Hoosierlv More than 1 year ago
This book satisfied the story behind the story of A CHRISTMAS CAROL and the man who fought some personal demons to get it done within his deadline. He elevated the poor without making them look utterly helpless and hapless. He chastened the hard-hearted rich who could not see beyond their unfathomable greed and utter selfishness. And he gave his readers a sense of just how to pull out the stops and REALLY celebrate a holiday outside of the religious institutions of the time. His three ghosts help a dowdy old man to repurpose his life and his goals and found that richness is only measured in how it is used to improve the lives around you, rather than in a bank vault. His protagonist is an unlovable person because he is incapable of loving anything that has no monetary value-- even his beloved family and his neighbors and employees. What is fascinating about this book is the back drop of Victorian England and the English speaking world's dismissal of a holiday and how it was revived from the ashes of feudal England and the Institutional Christendom and was reset as a social event without becoming preachy or overbearing. Dickens, a known socialist, was tempted by Marxist theory but rejected it and embraced instead a higher meaning of how society, church, and government can co-exist through the social networks of people as England evolved into the Industrial Revolution without losing or punishing any of those past institutions. He puts magic and sparkle and joy back into the gray skies of London England and the rest of the world. I would heartily recommend this book to the lover of history and for book club discussions, especially during the holiday season.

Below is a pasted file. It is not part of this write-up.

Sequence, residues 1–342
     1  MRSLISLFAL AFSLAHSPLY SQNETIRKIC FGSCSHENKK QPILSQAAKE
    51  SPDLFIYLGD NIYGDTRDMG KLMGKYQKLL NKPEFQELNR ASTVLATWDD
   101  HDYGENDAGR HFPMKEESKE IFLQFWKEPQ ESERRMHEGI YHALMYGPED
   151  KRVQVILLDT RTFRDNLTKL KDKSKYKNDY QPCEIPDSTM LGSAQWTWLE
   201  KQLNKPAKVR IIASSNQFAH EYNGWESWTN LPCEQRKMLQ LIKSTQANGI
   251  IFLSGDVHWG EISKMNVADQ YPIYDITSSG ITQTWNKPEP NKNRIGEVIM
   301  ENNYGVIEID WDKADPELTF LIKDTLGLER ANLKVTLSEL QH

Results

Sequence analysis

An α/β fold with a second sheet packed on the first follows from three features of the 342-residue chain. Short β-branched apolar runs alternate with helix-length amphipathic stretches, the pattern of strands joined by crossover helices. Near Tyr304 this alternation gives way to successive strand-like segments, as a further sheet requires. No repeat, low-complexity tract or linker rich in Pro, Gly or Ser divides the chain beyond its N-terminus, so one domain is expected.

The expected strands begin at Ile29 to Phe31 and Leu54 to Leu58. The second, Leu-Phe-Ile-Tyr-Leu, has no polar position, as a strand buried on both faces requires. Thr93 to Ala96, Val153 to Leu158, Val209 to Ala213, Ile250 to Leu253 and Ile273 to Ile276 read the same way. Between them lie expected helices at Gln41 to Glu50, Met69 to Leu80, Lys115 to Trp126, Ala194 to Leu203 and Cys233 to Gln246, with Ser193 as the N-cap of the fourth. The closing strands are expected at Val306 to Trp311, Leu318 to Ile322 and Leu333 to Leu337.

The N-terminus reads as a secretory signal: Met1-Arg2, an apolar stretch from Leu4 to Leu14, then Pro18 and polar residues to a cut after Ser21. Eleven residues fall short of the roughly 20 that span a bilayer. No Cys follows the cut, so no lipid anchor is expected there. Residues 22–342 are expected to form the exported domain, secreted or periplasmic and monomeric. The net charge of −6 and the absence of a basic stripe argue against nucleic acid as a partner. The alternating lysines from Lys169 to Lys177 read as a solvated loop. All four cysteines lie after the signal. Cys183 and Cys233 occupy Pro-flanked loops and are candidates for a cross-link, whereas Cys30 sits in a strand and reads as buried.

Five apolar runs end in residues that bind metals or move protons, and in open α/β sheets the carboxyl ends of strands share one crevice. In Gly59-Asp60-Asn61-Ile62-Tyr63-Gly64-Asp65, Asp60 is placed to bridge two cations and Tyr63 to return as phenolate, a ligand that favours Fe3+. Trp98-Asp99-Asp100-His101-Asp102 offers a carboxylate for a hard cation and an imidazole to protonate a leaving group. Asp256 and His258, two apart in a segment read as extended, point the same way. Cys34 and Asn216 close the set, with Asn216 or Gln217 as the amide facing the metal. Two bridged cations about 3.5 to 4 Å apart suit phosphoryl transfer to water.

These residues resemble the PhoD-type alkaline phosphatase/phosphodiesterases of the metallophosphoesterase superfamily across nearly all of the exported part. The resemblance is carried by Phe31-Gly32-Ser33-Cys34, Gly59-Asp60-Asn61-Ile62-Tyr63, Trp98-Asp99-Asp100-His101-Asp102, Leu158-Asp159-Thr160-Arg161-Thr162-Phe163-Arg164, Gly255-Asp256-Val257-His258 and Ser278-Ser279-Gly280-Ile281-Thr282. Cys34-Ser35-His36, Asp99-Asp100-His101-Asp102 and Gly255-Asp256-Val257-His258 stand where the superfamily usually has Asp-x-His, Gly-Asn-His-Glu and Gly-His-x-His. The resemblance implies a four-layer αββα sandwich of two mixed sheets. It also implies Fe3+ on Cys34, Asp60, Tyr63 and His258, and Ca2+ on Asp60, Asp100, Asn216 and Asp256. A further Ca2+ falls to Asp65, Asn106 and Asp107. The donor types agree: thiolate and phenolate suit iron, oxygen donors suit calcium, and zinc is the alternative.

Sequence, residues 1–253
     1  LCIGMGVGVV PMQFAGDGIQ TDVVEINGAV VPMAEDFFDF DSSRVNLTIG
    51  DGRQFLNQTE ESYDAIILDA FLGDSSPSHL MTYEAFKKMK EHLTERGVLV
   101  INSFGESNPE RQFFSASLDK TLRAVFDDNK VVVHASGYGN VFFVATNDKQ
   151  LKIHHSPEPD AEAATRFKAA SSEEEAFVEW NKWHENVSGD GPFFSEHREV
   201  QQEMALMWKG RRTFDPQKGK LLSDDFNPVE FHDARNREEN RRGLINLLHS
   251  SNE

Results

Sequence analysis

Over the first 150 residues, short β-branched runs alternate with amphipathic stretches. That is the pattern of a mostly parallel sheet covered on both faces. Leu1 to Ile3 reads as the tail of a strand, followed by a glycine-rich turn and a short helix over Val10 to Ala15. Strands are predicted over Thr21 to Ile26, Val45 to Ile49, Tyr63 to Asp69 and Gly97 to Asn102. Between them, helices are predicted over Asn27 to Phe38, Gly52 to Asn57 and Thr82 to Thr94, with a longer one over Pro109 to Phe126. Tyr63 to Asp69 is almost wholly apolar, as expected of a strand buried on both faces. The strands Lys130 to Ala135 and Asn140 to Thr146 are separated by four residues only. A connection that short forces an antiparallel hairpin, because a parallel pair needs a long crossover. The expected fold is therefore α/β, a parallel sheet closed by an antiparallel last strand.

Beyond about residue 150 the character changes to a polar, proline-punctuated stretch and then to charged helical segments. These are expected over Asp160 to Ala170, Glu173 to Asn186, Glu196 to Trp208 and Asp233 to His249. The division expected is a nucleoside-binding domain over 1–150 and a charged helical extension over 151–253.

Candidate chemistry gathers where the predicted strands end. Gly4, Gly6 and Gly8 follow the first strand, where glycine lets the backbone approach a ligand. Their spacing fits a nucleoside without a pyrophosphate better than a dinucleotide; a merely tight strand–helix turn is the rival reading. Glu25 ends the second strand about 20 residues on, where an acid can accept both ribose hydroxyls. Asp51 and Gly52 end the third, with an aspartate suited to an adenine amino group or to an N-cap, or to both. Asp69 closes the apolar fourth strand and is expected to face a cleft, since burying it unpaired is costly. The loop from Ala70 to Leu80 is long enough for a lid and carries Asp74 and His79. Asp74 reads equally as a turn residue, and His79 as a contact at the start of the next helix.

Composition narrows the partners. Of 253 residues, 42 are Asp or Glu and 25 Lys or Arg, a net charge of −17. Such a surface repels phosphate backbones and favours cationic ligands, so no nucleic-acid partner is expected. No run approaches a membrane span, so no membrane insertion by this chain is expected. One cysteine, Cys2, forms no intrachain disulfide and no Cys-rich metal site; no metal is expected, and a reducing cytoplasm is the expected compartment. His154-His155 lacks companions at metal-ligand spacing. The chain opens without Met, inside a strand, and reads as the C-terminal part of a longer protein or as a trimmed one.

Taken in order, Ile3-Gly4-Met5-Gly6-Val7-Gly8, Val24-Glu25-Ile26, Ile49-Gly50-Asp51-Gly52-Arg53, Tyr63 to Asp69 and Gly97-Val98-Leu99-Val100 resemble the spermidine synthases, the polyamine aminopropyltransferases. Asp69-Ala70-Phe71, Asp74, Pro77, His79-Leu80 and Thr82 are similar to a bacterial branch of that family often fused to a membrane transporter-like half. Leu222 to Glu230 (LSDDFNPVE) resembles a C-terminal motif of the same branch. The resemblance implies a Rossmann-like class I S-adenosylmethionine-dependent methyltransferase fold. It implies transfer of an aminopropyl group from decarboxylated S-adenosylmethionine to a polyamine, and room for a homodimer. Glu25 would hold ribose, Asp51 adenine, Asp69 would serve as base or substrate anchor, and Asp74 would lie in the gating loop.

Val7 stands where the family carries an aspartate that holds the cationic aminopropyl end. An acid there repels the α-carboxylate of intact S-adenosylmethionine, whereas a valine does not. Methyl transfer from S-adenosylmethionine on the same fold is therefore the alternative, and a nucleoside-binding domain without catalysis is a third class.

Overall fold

JL_Garner More than 1 year ago
Who among us hasn't read Charles Dickens' classic novel "A Christmas Carol" at least once, or seen one of the many film or TV adaptations over the years? Probably most of us, and we could debate for hours over whose Scrooge is the best.

It wasn't until I read Les Standiford's new volume "The Man Who Invented Christmas" that I realized just what a powerful impact Dickens' novel had on how the Anglo-American world regards and celebrates Christmas.

While Standiford's new book is hardly a groundbreaking study of Dickensian literature, it is a great read for casual Dickens fans, lovers of "A Christmas Carol," and those who are interested in the holiday itself.
Anonymous More than 1 year ago
This+book+is+not+as+readable+as+you+might+expect+if+you+saw+the+movie.++It+will+inform+you+of+the+economics+of+the+time%2C+but+you+get+very+little+of+his+personal+interactions%2C+except+with+his+publishers+and+letters+to+friends.++This+book+is+more+history+than+biography.
horacewimsey on LibraryThing More than 1 year ago